November 24, 2010

Chewy Pumpkin-Cranberry Cookies: The Quest Continues

I've previously written about my Pumpkin-Cranberry Cookies, and the effort I've put into making a version I'm happy with.  As I've also mentioned, though I am pleased with the flavor of those Pumpkin-Cranberry Cookies at this I've made to this point, I'm still not 100% satisfied with them due to their texture.  Those cookies are very light and cake-like, almost more like mini-cupcakes than cookies, whereas I prefer cookies that are more solid, either crunchy or chewy.  Thus, I continue on my quest, attempting to make a pumpkin cookie that isn't cake-like.

I've spent some time on and off researching pumpkin cookie recipes, in hopes they would point me in the right direction.  Mostly, that's gotten me nowhere, because the vast majority of pumpkin cookie recipes out there make cake-like cookies much like mine.  The couple potential exceptions I located just don't sound very good at all.   A recipe on a vegan site that uses no fat whatsoever and very little sugar, for example.  No thanks. 

So, with the recipes not getting me anywhere, I decided the best course of action would be for me to just experiment.

In deciding how to start my experiment, I gave some thought to the core problem and some potential solutions.   The core problem is pretty simple, really:  The pumpkin cookies I already make, and those made by most other people, are more like cake than a proper cookie.   Since the problem is cookies with cake texture, the most likely solution would be to reduce or eliminate ingredients that contribute to a cakelike texture. 

The primary offender, I realized right away, was probably flour, so the solution might lie in reducing the amount of flour, or the proportion of flour to other ingredients.  Still, with something as moist as pureed pumpkin, I'd need a fairly substantial amount of dry ingredients just to make the cookie hold together.  Considering my options, I went with something that is already used in lots of cookies anyhow:  Rolled oats.  I'd try to make a pumpkin-cranberry oatmeal cookie.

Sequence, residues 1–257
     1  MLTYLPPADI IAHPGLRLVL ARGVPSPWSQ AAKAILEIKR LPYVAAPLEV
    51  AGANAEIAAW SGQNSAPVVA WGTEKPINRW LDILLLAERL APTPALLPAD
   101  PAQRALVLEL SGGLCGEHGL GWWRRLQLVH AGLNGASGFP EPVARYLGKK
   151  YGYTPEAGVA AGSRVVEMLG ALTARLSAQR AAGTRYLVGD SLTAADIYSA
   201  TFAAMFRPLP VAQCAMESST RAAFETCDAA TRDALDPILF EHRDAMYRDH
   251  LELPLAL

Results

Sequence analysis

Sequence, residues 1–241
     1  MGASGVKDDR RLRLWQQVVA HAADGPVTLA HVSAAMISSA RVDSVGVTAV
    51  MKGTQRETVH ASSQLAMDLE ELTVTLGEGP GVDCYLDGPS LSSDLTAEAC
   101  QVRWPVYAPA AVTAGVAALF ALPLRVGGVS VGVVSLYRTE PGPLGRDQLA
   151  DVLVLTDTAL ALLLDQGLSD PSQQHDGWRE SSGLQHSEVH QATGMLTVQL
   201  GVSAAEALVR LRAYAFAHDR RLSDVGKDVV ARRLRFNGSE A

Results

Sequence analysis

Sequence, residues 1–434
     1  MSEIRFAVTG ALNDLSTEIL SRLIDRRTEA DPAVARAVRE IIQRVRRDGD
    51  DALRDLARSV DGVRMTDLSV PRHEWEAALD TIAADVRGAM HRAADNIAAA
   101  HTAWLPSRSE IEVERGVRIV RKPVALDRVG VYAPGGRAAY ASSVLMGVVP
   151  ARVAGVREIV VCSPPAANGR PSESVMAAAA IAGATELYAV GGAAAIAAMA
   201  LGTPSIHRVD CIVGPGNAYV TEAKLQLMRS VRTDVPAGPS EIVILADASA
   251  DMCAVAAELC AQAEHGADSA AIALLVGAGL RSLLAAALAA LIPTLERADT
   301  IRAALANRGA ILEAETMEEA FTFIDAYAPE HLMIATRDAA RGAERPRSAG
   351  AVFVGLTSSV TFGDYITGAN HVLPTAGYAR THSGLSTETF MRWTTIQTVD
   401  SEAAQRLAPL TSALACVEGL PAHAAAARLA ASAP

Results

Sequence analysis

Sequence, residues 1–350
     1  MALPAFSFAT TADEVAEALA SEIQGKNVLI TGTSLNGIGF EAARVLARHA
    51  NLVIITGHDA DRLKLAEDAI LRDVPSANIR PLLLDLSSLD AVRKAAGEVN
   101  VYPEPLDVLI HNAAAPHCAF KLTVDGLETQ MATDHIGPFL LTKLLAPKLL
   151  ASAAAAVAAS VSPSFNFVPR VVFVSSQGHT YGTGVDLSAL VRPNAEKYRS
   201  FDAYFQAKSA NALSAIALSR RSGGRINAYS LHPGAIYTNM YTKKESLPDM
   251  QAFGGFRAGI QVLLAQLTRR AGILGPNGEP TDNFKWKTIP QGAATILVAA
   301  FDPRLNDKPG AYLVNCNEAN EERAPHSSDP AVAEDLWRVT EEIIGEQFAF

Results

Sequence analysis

With that in mind, I started out with a basic oatmeal cookie recipe, then tried to customize it to incorporate the pumpkin and cranberries.  I knew that I'd have to use a fairly large amount of pumpkin, because ounce for ounce pumpkin puree isn't very flavorful.  I decided to start with 2/3 cup of pumpkin to 1 cup of flour and 1 cup of oats. 

These cookies tasted pretty good, but they were still quite cake-like.  I put them onto the cookie sheet as little balls of sticky dough, and when they were done, they were little mounds of fluffy cake, and hadn't really spread at all. 

That result having been gained, I thought about what makes cookies spread out, rather than maintaining the shape of the dough.   One important factor is sugar:  as the dough heats up, the sugar first dissolves, making the dough lose cohesion, before hardening again. 

With that idea in mind, I added some extra brown sugar, going from 1/2 cup of light sugar to 3/4 cup, along with 1/2 cup granulated sugar.  This was definitely a move in the right direction:  the cookies weren't that much sweeter, and they spread a bit more and ended up with a texture somewhat less like cake (though still more cake-like than I'd prefer). 

The quest isn't over yet, but I think I have some direction now.   Next time around I plan to bump up the amount of oatmeal while reducing the amount of flour.   I've also got to figure out a way to incorporate a bit more pumpkin, because while the current cookies taste pretty good, the pumpkin flavor isn't particularly strong at this point.  The key there will be how to do that without ending up with a runny mess, and that is going to be a challenge, because the dough is pretty sticky as is. 

Anyway, that's where things stand at the moment... but the quest continues.

The latest experiments.  The cookies on the right were from the first batch of
Pumpkin-Cranberry Oatmeal Cookies.  The ones on the right are the ones
made with extra brown sugar.  Notice they are flatter and spread more.

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